Poster designed by Jan Buchczik, www.buchczik.com

In July 2021, readers of the Financial Times may have been surprised to read an op-ed calling for central planning to meet the challenges of global warming. While the article’s proposals were hardly as radical as recent calls for a renewed “war communism,” it is remarkable enough that a liberal newspaper was considering economic planning in the first place.

Elsewhere, however, the debate over the affordances of economic planning has been going on for a while, often by way of a return to the so-called “socialist calculation debate” that begun in the 1920s. While it is often acknowledged that Friedrich Hayek won the debate with his 1945 article “The Use of Knowledge in Society,” more recent developments in information and communication technologies suggested to some observers that increased computing power could render possible an effective coordination of production and distribution, after all.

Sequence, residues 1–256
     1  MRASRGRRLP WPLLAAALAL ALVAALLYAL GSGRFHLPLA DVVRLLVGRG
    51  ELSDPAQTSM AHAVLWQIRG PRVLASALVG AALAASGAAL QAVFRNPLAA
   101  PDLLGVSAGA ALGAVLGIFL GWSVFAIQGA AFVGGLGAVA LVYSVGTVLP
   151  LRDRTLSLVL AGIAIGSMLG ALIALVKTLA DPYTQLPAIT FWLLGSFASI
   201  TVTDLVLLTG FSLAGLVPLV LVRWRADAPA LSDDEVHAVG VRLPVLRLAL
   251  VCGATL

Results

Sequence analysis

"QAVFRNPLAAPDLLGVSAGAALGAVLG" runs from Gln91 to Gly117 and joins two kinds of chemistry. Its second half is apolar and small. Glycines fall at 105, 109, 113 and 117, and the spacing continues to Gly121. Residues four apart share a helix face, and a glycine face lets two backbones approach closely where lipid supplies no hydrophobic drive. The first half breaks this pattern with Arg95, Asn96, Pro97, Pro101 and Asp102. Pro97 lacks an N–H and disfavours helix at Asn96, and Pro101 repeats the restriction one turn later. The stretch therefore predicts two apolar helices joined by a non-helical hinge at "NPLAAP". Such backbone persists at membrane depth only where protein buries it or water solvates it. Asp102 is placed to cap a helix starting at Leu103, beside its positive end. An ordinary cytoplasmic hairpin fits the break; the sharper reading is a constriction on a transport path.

In recent years, a number of contributions have served to revive the calculation debate and reflected on the possibilities of a “digital socialism,” the relationship between information technology and socialist construction as well as “Planning and Anarchy,” and the feasibility of a “Society After Money.”

The English Department at Christian-Albrechts-Universität invites you to a workshop in which contributors to the “Socialist Calculation Debate 2.0” (Jan Groos) and other scholars will present and discuss their research on (digital) technologies and postcapitalist imaginaries.

If you want to attend the workshop, please register via email at lieber@anglistik.uni-kiel.de.

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